Meanwhile, Canada has indicated that it has no intention of returning the turbine, with Natural Resources Minister Jonathan Wilkinson saying in late June that “If you talk to the Germans, they are very, very concerned about” their energy security. “I’m sure it’ll come up at least in the corridors of the G7 … I wouldn’t hold my breath that we’re going to find a resolution before the end.”
A Ukrainian energy ministry source who spoke to Reuters, however, said they had information that Canada was preparing to make the transfer of the equipment, with another unnamed source saying that the decision had been made as Canada and Germany did not want to give Russia an excuse not to keep the gas flowing to Germany.
In Pipeline Poker, Canada Folds: Will Release Sanctioned Russian Gas Turbine
In a high-profile exception to its Ukraine war-inspired sanctions regime, Canada will release a Russian turbine to Germany that’s necessary for maintaining Russia’s Nord Stream 1 natural gas pipeline. As Reuters reports:
The Canadian government, which is issuing a “time-limited and revocable permit” to exempt the return of turbines from its Russian sanctions, said the move would support “Europe’s ability to access reliable and affordable energy as they continue to transition away from Russian oil and gas.”
Built in Canada by Siemens Energy AG, the gas turbine had been shipped to Montreal for repairs, only to be trapped there by sanctions against Russia’s fossil fuel industries.
“Absent a necessary supply of natural gas, the German economy will suffer very significant hardship and Germans themselves will be at risk of being unable to heat their homes as winter approaches,” said Canadian natural resources minister Jonathan Wilkinson in explaining the decision.
Pointing to the delayed return of the turbine, Russia cut the flow of gas to Europe via the Nord Stream 1 pipeline by 60% in June. On Friday, Russia said it would boost the supply if the turbine were released.
Previously, Russia announced the pipeline will close entirely from July 11 to 21 for regular scheduled maintenance. The gas turbine controversy has contributed to fears that Russia may not turn the gas back on when July 22 arrives.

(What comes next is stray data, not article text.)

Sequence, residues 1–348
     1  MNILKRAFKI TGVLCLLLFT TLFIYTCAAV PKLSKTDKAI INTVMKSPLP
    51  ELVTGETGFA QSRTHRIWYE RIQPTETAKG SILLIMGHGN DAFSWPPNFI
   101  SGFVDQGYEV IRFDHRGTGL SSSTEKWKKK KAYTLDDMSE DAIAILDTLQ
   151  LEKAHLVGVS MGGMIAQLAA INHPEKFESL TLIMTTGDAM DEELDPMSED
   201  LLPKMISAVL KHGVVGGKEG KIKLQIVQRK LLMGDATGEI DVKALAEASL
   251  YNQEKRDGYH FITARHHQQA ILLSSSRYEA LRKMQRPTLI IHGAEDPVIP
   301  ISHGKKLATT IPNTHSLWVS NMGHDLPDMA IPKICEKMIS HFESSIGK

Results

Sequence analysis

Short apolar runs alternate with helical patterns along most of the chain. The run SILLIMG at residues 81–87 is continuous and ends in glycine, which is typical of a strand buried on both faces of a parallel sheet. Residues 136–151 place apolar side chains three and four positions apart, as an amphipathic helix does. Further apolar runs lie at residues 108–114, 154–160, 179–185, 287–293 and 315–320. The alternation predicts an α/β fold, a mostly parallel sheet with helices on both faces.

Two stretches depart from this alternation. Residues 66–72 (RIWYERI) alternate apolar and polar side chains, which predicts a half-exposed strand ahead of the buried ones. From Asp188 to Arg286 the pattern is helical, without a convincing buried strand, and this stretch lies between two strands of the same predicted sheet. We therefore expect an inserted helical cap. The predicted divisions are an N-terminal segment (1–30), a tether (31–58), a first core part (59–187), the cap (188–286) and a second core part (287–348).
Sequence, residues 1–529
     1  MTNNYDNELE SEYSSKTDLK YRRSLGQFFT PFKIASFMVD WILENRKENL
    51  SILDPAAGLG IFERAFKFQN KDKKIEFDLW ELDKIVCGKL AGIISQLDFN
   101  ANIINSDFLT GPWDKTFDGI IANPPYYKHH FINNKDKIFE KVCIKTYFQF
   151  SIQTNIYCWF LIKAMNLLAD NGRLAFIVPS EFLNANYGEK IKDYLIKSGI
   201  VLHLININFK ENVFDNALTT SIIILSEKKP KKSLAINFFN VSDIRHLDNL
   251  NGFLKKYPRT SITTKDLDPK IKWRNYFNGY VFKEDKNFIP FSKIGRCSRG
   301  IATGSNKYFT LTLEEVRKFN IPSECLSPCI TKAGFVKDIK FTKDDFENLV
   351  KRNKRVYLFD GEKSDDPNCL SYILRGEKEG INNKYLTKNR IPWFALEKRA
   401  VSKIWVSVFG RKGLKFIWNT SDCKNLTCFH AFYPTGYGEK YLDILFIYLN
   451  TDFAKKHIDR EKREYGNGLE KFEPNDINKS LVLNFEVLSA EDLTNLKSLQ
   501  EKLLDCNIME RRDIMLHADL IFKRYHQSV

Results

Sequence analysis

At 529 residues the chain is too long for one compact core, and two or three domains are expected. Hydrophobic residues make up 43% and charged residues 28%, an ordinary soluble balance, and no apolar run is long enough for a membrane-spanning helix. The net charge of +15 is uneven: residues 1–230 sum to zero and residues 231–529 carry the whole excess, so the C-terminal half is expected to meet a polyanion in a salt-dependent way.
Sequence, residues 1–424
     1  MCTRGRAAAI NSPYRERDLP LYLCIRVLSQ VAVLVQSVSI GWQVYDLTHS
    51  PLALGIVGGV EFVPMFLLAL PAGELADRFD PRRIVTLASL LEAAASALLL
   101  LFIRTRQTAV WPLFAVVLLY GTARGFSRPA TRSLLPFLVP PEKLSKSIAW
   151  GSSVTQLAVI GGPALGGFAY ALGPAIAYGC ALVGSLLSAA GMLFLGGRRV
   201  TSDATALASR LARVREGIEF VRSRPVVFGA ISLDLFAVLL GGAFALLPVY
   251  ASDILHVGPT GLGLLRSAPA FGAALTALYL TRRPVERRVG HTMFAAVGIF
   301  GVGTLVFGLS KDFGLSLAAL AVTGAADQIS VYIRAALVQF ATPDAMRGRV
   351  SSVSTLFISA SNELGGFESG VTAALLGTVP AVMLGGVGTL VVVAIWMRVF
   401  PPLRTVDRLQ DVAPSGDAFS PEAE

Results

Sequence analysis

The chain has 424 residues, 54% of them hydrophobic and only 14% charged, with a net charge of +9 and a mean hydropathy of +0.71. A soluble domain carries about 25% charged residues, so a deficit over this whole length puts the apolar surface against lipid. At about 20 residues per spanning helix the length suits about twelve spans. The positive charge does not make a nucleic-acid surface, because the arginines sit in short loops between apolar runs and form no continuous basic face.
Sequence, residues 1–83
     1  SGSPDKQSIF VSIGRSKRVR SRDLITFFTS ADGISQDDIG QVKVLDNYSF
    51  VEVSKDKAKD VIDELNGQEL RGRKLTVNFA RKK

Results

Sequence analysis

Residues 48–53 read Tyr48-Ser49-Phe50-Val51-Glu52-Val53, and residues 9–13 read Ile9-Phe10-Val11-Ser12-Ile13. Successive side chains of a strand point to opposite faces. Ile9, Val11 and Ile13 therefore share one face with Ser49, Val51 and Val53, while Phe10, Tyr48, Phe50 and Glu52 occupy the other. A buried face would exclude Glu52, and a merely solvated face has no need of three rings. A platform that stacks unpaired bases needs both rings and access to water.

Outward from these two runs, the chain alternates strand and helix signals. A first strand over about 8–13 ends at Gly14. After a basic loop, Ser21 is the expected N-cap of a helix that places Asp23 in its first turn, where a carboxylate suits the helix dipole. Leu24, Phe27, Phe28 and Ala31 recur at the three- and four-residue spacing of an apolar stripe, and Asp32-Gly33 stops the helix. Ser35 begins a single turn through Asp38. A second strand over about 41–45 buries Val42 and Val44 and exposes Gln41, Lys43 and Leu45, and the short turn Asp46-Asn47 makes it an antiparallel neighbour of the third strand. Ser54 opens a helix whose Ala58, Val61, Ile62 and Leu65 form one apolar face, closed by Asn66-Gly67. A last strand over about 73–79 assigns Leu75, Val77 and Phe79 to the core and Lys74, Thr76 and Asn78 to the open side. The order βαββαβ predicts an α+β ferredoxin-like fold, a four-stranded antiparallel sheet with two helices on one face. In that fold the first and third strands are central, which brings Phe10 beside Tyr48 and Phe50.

Germany sought the release of the turbine, but the move was opposed by the Ukrainian government and many Ukrainian-Canadians.
As we reported on Saturday, energy tensions in Germany are mounting swiftly, with the country rationing hot water and dimming street lights, while the largest landlord is restricting heating at night. “The situation is more than dramatic,” said Axel Gedaschko, head of the federation of German housing enterprises GdW. “Germany’s social peace is in great danger.”
As if to offset its conspicuous capitulation on the contended turbine, Canada on Saturday also announced a widening of its sanctions against Russia. (ER: Because you can’t look like you’ve lost face.) “These new sanctions will apply to land and pipeline transport and the manufacturing of metals and of transport, computer, electronic and electrical equipment, as well as of machinery,” said Canada’s ministry of foreign affairs in a news release.
“Once the measures are in effect, Canadian businesses will have 60 days to conclude contracts with targeted industries and services,” the statement said. (ER: Which will presumably hurt Canadian businesses more …)
Together with oil, gas and chemical industry sanctions, the new move against Russian manufacturing means Canada is targeting industries that cumulatively account for more than half of Russia’s federal budget revenues, according to the release.
Despite the sanctions, Russia’s oil and gas business has thrived. Reuters reported that Russia’s oil exports grew by $1.7 billion in May thanks in large part to higher exports to China and India.